OK…some birds have great appeal…and some birds don’t. Being December, I feel a bit compelled to feature a bird with a certain amount of “appeal” to close out this birding year. A bird with “appeal” that can be found in our state, and a bird that can be found in our state…right now.

Some might think that all the birds with “appeal” are out of our state during these sometimes cold and dark months. But actually there are many birds in our area right now that I find quite appealing. One is the Bird of the Month for December, the Short-eared Owl.

When most of us think of owls, we probably get pictures in our minds of rather large birds that hang out in forests and trees. In our mind they come out at night (nocturnal) and are kinda “spooky”. The Short-eared Owl isn’t a bird of the forest and trees…but is a bird of open country, prairies, grasslands, tundra and marshes. And while they will come out at night, they are most active during daylight (diurnal) hours. (More correctly I think they are best described as “crepuscular” or more active during the twilight of the day.) But I think they are still kinda “spooky” looking. Owls, because of their disc shaped face, along with large eyes that both look forward, gives them a very “human appearance”, rendering them kind of “spooky”. Owls are especially “spooky” when you find one looking directly at you. Owls tend to give you the heebie-jeebies when they stare directly at you. (Well…they do that to me anyway.)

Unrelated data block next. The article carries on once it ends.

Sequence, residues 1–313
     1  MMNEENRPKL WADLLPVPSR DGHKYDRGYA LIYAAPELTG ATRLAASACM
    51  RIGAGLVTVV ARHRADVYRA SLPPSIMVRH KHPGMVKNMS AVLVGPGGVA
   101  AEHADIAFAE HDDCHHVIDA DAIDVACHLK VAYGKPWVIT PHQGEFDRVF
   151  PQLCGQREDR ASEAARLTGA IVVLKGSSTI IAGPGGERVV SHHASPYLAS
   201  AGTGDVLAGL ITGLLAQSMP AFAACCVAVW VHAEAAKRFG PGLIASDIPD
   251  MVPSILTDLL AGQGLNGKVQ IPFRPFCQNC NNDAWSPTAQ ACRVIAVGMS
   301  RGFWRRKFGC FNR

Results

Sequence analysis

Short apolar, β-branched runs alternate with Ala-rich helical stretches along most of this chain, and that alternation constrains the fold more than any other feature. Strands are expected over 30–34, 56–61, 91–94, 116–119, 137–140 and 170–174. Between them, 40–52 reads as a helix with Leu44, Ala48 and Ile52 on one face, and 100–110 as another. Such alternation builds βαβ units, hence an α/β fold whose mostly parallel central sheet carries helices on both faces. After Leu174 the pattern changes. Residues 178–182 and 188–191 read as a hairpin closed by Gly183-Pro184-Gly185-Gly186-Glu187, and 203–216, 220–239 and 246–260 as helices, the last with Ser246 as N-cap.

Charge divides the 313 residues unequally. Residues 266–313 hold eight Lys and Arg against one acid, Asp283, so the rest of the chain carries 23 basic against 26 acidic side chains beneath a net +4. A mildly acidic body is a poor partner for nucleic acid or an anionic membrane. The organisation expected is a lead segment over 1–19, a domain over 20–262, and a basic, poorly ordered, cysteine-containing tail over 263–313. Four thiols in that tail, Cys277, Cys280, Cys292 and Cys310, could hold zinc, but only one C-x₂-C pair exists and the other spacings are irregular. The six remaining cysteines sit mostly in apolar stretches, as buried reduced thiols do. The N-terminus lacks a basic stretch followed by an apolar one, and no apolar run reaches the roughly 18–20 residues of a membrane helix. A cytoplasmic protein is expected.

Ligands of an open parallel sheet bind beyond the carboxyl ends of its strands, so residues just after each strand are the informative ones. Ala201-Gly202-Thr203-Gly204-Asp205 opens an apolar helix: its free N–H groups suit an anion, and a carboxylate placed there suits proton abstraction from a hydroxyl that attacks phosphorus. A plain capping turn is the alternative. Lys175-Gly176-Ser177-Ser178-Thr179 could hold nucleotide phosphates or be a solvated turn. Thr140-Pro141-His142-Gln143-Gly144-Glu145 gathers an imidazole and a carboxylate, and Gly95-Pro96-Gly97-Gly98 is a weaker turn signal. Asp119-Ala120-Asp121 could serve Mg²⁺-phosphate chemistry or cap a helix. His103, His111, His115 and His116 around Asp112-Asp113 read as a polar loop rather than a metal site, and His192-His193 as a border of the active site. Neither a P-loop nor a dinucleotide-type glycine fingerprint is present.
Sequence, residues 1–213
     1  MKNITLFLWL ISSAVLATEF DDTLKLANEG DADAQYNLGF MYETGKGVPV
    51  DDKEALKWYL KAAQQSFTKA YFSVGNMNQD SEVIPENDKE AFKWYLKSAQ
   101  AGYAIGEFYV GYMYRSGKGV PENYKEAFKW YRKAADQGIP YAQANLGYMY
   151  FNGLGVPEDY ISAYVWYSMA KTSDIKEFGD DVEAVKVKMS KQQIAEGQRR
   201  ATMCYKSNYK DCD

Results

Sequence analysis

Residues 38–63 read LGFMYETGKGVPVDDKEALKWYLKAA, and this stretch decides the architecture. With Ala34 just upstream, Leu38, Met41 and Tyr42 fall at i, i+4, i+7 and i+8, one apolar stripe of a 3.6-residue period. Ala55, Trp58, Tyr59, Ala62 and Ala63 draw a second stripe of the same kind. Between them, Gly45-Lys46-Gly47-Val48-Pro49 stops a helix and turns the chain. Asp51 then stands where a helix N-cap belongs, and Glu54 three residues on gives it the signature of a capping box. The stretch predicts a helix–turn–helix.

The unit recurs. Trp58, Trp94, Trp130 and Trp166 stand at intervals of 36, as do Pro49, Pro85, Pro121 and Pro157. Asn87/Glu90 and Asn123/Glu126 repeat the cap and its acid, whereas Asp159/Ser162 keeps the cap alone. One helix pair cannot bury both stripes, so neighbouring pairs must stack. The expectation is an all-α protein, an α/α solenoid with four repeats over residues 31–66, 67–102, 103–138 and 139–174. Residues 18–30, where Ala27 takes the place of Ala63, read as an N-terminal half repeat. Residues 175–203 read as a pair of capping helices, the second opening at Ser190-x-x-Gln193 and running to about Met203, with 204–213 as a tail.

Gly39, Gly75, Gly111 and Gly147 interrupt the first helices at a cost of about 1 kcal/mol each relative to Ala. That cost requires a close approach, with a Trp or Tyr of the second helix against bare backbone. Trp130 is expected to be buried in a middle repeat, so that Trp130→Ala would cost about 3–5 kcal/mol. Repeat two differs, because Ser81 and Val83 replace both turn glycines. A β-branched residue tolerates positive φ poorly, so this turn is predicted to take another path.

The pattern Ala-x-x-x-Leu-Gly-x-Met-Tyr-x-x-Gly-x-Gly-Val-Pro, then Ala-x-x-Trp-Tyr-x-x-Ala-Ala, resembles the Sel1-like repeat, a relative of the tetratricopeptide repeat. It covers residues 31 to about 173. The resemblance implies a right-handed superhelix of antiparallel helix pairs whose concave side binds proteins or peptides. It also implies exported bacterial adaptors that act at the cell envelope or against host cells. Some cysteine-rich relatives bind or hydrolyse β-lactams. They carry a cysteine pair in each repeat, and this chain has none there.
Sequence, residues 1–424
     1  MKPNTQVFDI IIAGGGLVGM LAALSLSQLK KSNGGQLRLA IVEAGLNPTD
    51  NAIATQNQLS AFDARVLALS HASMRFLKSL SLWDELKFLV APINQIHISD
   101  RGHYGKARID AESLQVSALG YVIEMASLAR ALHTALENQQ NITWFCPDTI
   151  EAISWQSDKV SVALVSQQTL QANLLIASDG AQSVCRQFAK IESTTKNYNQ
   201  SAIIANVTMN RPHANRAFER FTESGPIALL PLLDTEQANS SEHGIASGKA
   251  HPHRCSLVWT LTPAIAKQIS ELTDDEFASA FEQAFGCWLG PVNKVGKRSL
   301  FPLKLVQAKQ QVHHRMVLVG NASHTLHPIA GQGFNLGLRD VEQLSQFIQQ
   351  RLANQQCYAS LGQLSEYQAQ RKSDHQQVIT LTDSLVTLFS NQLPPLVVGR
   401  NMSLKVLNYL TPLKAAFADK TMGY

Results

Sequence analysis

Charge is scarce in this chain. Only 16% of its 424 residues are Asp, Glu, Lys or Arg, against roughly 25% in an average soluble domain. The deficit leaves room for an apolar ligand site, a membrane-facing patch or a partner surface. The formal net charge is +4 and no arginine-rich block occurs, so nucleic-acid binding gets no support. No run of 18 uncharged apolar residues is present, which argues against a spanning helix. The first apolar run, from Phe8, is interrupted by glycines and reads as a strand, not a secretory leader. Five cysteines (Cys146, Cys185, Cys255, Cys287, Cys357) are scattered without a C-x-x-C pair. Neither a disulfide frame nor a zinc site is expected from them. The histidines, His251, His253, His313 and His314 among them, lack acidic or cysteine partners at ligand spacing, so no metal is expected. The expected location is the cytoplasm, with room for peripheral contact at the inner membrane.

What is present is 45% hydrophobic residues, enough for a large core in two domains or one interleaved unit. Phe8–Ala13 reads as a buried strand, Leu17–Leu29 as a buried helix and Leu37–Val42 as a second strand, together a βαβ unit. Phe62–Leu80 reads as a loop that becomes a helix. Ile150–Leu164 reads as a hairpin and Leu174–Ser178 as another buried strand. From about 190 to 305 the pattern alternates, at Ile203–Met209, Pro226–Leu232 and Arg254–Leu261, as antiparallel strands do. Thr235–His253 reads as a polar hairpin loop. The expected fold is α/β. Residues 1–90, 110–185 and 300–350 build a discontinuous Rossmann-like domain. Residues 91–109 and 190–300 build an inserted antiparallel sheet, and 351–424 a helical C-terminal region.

Because of the preferred habitat of the Short-eared Owl and their hunting behavior of flying back and forth low over fields, they are easier to see than most owls. Their flight is often described as being “moth like”. I think this is a good description of these owls, because as these owls fly with great buoyancy on floppy wing-beats, they do indeed remind me of giant whimsical moths as they go about their business.

I saw a Short-eared Owl today out at the Mount Comfort Airport. (Airports provide a habitat that these birds enjoy. IE, wide open grassland.)



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